When I set up this web page back in '98, free appraisals were a special feature. Because of the large number of responses I have received, I am no longer able to keep up with this service. Therefore, I have set up a self-appraisal department. Just follow the format and you should end up with a ballpark valuation of your board. First, grade your board, then apply the other factors listed. If you feel you have a special situation, follow the directions at the end of the department for a personal response. I will try my best to answer every question.
First Grade your board using the Bartlett 1-10 scale. One is the worst possible condition and going up to 10 for the best condition.

[10] Mint Condition. New. Showroom Quality. Never surfed. I mean never! No dings or scratches from shipping and storage. A few fingerprints. No repair work. Price tag still attached.
[9] Near New. Maybe surfed once or twice. One ding, expertly repaired and nearly invisible. Minor scratches and pressure dings from use.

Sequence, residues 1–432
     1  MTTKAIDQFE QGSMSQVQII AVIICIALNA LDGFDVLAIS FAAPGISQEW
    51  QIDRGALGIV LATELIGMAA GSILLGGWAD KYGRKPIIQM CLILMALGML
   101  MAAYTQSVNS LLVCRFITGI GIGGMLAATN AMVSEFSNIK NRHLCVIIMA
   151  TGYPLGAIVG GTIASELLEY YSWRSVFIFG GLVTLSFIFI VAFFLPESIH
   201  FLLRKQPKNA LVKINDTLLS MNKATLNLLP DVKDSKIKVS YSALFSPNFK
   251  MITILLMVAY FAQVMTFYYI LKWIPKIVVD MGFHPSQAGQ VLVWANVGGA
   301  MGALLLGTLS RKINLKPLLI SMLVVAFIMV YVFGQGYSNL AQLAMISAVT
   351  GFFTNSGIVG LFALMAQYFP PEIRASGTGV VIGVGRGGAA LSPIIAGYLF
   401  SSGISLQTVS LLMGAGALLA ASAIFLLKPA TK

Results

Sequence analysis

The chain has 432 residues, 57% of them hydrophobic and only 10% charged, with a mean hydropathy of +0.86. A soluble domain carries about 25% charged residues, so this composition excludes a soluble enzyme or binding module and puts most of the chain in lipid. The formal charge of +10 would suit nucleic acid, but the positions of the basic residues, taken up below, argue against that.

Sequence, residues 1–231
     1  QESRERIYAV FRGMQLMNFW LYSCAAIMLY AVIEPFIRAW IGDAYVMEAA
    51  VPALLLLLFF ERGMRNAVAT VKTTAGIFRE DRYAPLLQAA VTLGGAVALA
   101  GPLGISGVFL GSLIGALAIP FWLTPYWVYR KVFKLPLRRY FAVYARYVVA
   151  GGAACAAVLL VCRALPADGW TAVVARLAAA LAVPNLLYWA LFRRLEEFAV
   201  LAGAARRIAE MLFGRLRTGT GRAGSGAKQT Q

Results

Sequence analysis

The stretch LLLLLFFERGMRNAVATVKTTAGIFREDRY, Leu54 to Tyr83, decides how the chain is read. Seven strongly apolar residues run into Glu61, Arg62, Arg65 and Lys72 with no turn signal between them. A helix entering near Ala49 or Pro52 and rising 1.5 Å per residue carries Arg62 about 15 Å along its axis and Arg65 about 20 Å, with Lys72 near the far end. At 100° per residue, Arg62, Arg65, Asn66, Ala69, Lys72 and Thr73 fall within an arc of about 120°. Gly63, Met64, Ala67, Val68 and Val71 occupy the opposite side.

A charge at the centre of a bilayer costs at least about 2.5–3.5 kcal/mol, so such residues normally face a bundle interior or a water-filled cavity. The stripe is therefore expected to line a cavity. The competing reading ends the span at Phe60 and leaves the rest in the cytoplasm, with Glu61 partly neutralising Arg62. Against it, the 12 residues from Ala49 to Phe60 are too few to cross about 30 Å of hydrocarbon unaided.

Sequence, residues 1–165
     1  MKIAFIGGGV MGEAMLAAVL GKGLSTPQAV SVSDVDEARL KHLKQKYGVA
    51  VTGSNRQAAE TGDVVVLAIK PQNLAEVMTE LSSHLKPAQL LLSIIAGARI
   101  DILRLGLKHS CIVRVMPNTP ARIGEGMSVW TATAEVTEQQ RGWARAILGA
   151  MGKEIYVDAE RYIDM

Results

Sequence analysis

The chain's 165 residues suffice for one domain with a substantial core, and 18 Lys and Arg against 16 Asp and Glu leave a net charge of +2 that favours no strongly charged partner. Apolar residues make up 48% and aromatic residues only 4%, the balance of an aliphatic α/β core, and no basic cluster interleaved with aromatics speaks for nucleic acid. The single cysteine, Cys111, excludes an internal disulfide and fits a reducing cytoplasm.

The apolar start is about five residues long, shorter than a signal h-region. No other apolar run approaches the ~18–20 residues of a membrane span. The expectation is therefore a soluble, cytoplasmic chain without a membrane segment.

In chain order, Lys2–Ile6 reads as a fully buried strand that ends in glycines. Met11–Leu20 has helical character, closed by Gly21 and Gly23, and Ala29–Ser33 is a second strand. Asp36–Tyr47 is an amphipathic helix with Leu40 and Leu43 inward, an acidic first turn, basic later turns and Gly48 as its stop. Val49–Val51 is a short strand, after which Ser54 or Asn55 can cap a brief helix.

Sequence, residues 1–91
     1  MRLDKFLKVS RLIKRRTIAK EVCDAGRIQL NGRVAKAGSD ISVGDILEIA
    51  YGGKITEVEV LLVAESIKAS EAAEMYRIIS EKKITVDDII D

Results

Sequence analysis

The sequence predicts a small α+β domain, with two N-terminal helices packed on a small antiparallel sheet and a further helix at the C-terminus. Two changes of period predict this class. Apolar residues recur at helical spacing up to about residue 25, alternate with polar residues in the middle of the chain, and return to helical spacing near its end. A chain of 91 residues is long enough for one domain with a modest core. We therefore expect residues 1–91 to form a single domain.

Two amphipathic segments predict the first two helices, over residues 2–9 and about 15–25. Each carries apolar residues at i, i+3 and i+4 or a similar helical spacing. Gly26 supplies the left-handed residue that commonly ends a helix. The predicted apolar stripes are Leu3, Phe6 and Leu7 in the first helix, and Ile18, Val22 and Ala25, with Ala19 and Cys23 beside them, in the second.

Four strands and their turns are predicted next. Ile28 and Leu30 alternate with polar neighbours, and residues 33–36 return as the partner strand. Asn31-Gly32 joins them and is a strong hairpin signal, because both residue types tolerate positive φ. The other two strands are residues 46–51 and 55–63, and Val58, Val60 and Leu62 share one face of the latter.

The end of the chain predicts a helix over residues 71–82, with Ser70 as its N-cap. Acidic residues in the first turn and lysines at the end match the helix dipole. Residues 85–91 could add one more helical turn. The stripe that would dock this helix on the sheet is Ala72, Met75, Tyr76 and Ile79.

[8] Very Good Condition. Two or three dings, repaired. Minor scratches and pressure dings from use. All original.
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[7] Good. Three to four dings, repaired. Sun discoloration present. Minor water damage. If you are surfing a classic longboard in this condition grade, expect comments in the water questioning your mental state like "Did you take your medicine this morning?"
[6] OK. Four or more dings, some unrepaired. Multiple scratches. Obvious sun and water damage. Surfers refer to these boards as "beaters." They are still buoyant enough to go out on Sundays and create a general nuisance. These boards are rampant at "Old Man's." Usually the surfer has surfed the same board since '65 and just can't seem to let go. Keep your distance from these guys in the water. Boards in this condition are also good for learners.
[5] Lousy. Slightly water logged. Well used. Obvious ding and sun damage. Unrepaired dings oozing water. Same wax for last ten years still on deck.
[4] Poor Condition. Structural damage such as buckling, delamination of fiberglass from foam core. Extensive water and sun damage. Do not bring a board in this condition to my brother for repair.
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[3] Muy Malo. Water logged from unrepaired dings. Strange odor. Missing parts. Tire marks from when it flew off of car and run over by the truck behind you. Possibly suitable for sawing up and making into furniture.